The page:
Having to Leave Your Blackness at the Church House Door

I’m part of the planning for some upcoming worship services. And during our planning meeting today, one of the other people involved asked (rhetorically), “how Black am I allowed to be in UUism?”

I hadn’t put it in those exact words recently, but it’s a question worth considering.

UUism asks people of color to play respectability politics all the time. There’s only so much of one’s person of color-ness that one is allowed to bring in to the church house, no matter what other marginalized identity that the person of color might carry.

So the question is…how much can UU culture change so that people of color can bring their full selves through the church house door?

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In Wakanda, Stephon Clark Would Still Be Alive

I’ve been trying to come up with the words to express how I feel about the most recent state-agent killing of a Black person; Stephon Clark was killed by Sacramento police this week in his own backyard.

What I keep coming back to is…Stephon would be alive if Wakanda were real.

I know many of you are probably tired of hearing/reading me talk about Wakanda. But it is so lovely there. And it highlights how far from it we are in the “real world.”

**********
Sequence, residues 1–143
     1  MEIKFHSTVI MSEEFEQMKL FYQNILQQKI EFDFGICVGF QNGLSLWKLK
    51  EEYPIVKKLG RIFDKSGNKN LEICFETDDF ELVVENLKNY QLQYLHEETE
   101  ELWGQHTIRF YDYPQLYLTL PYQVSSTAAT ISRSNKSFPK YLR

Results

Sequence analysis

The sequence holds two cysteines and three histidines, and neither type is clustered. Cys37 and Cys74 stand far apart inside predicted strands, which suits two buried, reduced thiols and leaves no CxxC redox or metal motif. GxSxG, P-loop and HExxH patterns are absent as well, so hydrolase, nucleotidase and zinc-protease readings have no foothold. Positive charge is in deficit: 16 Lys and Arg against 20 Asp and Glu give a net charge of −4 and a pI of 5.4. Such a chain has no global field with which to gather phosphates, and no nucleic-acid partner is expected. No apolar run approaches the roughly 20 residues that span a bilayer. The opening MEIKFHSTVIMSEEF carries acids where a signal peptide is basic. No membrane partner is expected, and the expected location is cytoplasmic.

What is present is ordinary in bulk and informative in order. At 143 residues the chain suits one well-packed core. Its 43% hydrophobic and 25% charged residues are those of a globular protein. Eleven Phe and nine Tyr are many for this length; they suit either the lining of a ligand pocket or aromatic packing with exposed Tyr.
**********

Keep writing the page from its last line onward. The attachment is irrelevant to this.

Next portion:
Stephon Clark is dead because police mistook him for a man who was vandalising cars. Let me repeat that…..

Stephon Clark is dead because police mistook him for a man who was vandalising cars.

Sit with that.

A black man is DEAD over an alleged minor property crime.  (one that he was not committing, by the way)

Let’s look at the other major issue…..

Stephon Clark was shot in HIS OWN BACKYARD.

And another issue…..

Police interviewed Stephon’s grandmother BEFORE they told her that her grandson was dead.

Next issue…..

Police lied about the entire situation and only told the truth after video was released.

This is the real world.

Wakanda would be different.

Stephon Clark would be alive if Wakanda were real.